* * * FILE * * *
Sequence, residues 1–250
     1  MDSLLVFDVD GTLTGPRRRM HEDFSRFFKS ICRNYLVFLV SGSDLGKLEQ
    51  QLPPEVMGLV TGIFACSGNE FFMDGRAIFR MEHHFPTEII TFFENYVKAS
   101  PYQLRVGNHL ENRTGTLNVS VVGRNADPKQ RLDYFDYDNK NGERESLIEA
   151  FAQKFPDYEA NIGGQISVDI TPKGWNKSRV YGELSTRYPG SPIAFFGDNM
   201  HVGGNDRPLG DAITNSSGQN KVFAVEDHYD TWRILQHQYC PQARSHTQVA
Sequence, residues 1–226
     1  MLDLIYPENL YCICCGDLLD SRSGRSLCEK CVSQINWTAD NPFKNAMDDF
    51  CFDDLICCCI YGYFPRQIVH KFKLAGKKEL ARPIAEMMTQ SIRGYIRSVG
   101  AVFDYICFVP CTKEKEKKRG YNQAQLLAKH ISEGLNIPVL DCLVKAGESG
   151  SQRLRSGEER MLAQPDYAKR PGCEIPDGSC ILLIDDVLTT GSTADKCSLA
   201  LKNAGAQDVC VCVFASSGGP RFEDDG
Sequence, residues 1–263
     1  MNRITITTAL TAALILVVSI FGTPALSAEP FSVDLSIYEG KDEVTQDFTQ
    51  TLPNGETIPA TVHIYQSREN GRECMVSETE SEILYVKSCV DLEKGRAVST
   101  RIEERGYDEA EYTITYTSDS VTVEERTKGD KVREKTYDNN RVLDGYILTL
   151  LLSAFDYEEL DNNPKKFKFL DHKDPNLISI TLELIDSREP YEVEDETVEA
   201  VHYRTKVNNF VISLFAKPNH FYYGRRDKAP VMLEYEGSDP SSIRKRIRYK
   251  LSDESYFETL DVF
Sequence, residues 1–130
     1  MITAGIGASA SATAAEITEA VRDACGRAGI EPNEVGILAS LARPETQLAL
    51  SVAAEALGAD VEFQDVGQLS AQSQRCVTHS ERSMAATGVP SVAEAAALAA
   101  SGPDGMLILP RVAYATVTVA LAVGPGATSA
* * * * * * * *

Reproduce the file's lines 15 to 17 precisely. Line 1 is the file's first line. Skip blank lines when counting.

    51  TLPNGETIPA TVHIYQSREN GRECMVSETE SEILYVKSCV DLEKGRAVST
   101  RIEERGYDEA EYTITYTSDS VTVEERTKGD KVREKTYDNN RVLDGYILTL
   151  LLSAFDYEEL DNNPKKFKFL DHKDPNLISI TLELIDSREP YEVEDETVEA